Suppose you are currently 55, and have a final salary pension projected to pay you £12,000 a year from the age of 65. A modest valuation might multiply this projected income by 25, to give a CETV of around £300,000. A more generous valuation might use a multiplier of 30 or even higher, to give a CETV of £360,000 or over.
If you were to receive this ‘low’ value of £300,000 CETV, how might it compare to your original final salary pension of £12,000 a year? In other words, how long might your pension last?
You can see that even with no growth at all, you could withdraw £12,000 a year from £300,000 for 25 years. If you were to achieve a mere 1 per cent average growth on your pension pot, you could withdraw £12,000 a year for over 28 years before your money ran out.
If you were to achieve slightly higher growth on your pot – say 2 per cent – then your pot would last over 34 years at the same rate of spending. Alternatively, you might take a higher income – e.g. £15,000 a year for 25 years.
This sounds like great news – but there is an important catch. No level of growth is guaranteed when you take your pension in this way, and there may be times when your pot actually falls in value due to dips (or crashes) in the stock market. Generally, you will see growth over the long term. But a stock market crash can seriously dent the size of your pot in the short term, which can affect both the size of your income and the lifespan of your pension savings.
The choice you face is essentially this: having more money to spend now, versus having a guaranteed income for the rest of your life – which may work out as more money or less, depending on how long you live and how the stock market performs.
Not every DB pension is transferrable. Private sector schemes, and some public sector ones, will be ‘funded’ – that is, supported by a central fund. This is the only kind from which you can transfer. Other public-sector schemes (such as the NHS pension) are ‘unfunded’, meaning they are supported directly by the taxpayer. You can’t transfer out of this kind of pension.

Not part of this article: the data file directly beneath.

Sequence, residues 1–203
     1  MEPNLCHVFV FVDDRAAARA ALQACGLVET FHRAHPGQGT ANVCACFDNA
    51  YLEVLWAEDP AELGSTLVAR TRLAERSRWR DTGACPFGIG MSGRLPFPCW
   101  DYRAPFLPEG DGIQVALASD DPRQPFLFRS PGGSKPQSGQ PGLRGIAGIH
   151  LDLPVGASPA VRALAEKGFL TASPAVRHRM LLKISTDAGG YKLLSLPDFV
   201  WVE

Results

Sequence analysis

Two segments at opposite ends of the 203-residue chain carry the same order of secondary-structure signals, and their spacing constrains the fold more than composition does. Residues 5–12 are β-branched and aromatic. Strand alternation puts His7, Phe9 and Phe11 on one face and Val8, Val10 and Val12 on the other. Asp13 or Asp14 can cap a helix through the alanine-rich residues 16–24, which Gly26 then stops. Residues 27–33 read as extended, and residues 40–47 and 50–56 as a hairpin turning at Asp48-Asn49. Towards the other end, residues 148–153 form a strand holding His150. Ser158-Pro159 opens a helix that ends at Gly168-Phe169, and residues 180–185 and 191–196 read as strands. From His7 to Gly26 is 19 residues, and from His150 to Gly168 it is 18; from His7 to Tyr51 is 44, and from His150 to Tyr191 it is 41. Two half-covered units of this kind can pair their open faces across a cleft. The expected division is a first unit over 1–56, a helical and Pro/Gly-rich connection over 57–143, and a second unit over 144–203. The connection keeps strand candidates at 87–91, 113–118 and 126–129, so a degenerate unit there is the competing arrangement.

What are the possible benefits and risks of transferring out of a defined benefit pension? Let’s compare them.
The best option for you will depend on how you personally weigh up these pros and cons. Everyone’s circumstances are different, so just because pension transfer worked for your colleague, doesn’t imply that it will work as well for you.
Transferring a final salary pension can be a lengthy process. Not only do you need to weigh up the pros and cons, but you also need to decide on a suitable investment strategy for your money after it has been transferred to you.
Here you can read an example of a defined benefit pension transfer to show you the steps involved.
Having money to spend now may be very appealing, especially if there is a pressing demand for it. However, if your pension’s transfer value is over £30,000, the law requires you to seek financial advice before the transfer can be made. Some providers further insist that you get advice on smaller transfer values as well, to protect themselves if you later decide you’ve made the wrong decision.
Taking advice helps you to weigh up your long-term needs against your short-term plans, and may reveal benefits of your pension that you haven’t considered. Here's a real-life example of such advice in action:
Find out more about planning for retirement.